FaCD Online Syndrome Fact Sheet

Last updated: 02 Jul 2008

Name: Oculodermal Melanocytosis, Familial Clustering of

Synonym: incl.: Ocular Melanocytosis, Familial Nevus of Ota

Mode of Inheritance: AD?/ multifact?/ spor

Tumor features

melanoma, cutaneous
melanoma, uveal (choroidal, ciliary body, iris)/ocular

Non-tumor features

hyperpigmentation of the uvea and episclera, congenital


This disorder is characterized by familial clustering of cases of congenital hyperpigmentation of the uvea (iris, ciliary body and choroid) and the episclera[1]. In addition, the skin may show nevi of Ota, which may progress to cutaneous malignant melanoma. Uveal melanoma, sometimes multifocal, has been known to develop in patients with sporadic ocular/oculodermal melanocytosis[2-4], but apparently has not been observed (yet) in familial cases and the same is true for cutaneous melanoma[1,5].


[1] Singh AD, Wang MX, Donoso LA, Shields CL, De Potter P, Shields JA. Genetic aspects of uveal melanoma: A brief review. Semin Oncol 23[6], 768-772. 1996.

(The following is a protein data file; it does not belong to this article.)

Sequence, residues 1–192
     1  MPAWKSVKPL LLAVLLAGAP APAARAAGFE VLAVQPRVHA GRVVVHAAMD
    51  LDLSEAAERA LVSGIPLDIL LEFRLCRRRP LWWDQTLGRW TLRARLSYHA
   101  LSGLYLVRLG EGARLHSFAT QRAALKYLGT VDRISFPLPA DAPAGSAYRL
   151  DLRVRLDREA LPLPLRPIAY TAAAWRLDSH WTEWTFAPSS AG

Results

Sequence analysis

[2] Al-Sadhan Y, Shawaf S, Tabbara K. Oculodermal melanosis with choroidal melanoma in a black patient: a case report. Eye (London, England) 2006; 20(12):1437-8.
[3] Infante de German-Ribon R, Singh AD, Arevalo JF, Driebe W, Eskin T. Choroidal melanoma with oculodermal melanocytosis in Hispanic patients. American journal of ophthalmology 1999; 128(2):251-3.
[4] Patel BC, Egan CA, Lucius RW, Gerwels JW, Mamalis N, Anderson RL. Cutaneous malignant melanoma and oculodermal melanocytosis (nevus of Ota): report of a case and review of the literature 1998; 38(5 Pt 2):862-5.
[5] Trese MT, Pettit TH, Foos RY, Hofbauer J. Familial Nevus of Ota. Annals of ophthalmology 1981; 13(7):855-7.